Monitoring of PETCO2 during high frequency jet ventilation for laryngomicrosurgery. (6/41)

In general, PETCO2 is well correlated with PaCO2 during spontaneous and conventional mechanical ventilation in normal lungs. However, it is known that during high frequency jet ventilation, PETCO2 may underestimate PaCO2 because of inadequate washout of the anatomical dead space by a small tidal volume and the relatively slow response time of infrared CO2 analyzers. The validity of PETCO2 as a reflection of PaCO2 was assessed during HFJV in 40 patients undergoing laryngeal microsurgery. HFJV was applied through an injector inserted into the trachea 6 cm below the vocal cord. PETCO2 was obtained from a sampling line placed 2 cm below the injector. Both PETCO2 and PaCO2 were measured simultaneously after decreasing the frequency from 100 beats per minute to 15 beats per minute 10 and 20 minutes after the commencement of HFJV. There was a strong correlation (r = 0.955, P < 0.001) and a good correspondence between the mean PETCO2 and PaCO2 values with an average difference of 1.93 +/- 1.21 mmHg and a limit of agreement from -0.49 to 4.35 mmHg. It is suggested that the PETCO2 obtained following a decrease in the jet frequency during HFJV could closely reflect PaCO2.  (+info)

Transtracheal high frequency jet ventilation for endoscopic airway surgery: a multicentre study. (7/41)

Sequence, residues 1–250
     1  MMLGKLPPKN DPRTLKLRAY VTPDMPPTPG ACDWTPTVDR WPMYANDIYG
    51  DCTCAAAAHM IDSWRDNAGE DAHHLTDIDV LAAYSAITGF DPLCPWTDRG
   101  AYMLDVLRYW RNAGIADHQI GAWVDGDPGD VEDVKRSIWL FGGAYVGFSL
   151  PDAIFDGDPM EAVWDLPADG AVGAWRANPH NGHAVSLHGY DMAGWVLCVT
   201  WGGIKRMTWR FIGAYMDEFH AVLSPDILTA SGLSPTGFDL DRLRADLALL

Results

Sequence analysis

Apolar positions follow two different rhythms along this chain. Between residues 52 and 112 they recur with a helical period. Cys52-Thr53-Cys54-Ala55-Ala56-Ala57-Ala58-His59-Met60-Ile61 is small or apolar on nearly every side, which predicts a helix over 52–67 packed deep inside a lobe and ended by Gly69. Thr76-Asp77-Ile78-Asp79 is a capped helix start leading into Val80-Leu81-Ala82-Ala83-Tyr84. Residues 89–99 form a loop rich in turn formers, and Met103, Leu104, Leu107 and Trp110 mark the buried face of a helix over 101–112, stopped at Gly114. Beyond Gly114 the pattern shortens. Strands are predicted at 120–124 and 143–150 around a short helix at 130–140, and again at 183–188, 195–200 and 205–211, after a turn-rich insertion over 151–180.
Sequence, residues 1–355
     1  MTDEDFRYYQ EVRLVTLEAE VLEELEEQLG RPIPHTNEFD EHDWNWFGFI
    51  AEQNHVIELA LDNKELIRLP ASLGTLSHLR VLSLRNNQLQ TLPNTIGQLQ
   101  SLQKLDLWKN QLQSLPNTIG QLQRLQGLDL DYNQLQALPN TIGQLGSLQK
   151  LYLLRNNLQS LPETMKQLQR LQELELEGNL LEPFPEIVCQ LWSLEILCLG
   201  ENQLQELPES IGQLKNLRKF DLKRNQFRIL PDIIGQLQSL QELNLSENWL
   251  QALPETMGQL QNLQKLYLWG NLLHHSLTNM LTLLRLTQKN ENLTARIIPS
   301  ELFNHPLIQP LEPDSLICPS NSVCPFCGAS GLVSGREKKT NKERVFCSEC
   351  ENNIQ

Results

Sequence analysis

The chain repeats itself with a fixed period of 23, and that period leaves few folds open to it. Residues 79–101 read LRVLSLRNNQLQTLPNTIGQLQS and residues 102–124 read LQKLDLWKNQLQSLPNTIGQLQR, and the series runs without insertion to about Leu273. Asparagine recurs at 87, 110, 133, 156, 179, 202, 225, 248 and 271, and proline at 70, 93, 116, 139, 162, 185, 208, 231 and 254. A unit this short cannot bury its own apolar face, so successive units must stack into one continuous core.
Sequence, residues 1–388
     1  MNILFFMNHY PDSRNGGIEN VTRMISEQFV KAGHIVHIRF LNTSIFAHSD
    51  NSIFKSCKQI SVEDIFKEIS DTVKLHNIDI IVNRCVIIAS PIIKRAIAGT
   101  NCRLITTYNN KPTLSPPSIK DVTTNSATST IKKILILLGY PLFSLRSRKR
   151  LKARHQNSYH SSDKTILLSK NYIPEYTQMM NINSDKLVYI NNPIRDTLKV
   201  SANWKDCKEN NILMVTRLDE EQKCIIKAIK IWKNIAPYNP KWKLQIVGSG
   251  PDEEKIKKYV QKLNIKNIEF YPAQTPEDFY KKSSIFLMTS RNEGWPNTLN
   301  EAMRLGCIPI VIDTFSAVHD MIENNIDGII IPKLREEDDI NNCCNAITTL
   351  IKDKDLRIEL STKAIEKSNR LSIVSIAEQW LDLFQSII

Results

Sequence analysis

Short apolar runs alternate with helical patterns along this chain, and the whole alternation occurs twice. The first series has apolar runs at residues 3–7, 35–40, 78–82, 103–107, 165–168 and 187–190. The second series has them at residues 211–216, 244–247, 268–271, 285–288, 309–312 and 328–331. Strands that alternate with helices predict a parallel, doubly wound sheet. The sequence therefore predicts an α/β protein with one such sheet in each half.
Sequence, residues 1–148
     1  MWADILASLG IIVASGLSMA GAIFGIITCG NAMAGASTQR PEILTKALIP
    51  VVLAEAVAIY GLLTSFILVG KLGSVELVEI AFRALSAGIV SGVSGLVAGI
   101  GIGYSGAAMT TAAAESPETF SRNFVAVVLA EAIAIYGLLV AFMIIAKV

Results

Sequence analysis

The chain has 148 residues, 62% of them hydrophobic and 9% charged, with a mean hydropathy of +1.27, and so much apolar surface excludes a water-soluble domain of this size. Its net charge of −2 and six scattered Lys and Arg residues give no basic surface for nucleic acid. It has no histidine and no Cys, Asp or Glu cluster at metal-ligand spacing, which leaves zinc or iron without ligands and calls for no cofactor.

Serious complications during high frequency jet ventilation (HFJV) are rare and have been documented in animals and in case reports or short series of patients with a difficult airway. We report complications of transtracheal HFFJV in a prospective multicentre study of 643 patients having laryngoscopy or laryngeal laser surgery. A transtracheal catheter could not be inserted in two patients (0.3%). Subcutaneous emphysema (8.4%) was more frequent after multiple tracheal punctures. There were seven pneumothoraces (1%), two after laser damage to the injector, one after difficult laryngoscopy, four with no clear cause. Arterial desaturation of oxygen was more frequent during laser surgery and in overweight patients. Transtracheal ventilation from a ventilator with an automatic cut-off device is a reliable method for experienced users. Control of airway pressure does not prevent a low frequency of pneumothorax.  (+info)

Spontaneous breathing combined with high frequency ventilation during bronchoscopic resection of a large tracheal tumour. (8/41)

A patient with learning difficulties had a large tracheal tumour at the carina that caused severe respiratory distress. I.v. anaesthesia with propofol, spontaneous breathing through a tracheal tube, and high frequency jet ventilation were successfully employed during bronchoscopic resection of the tumour.  (+info)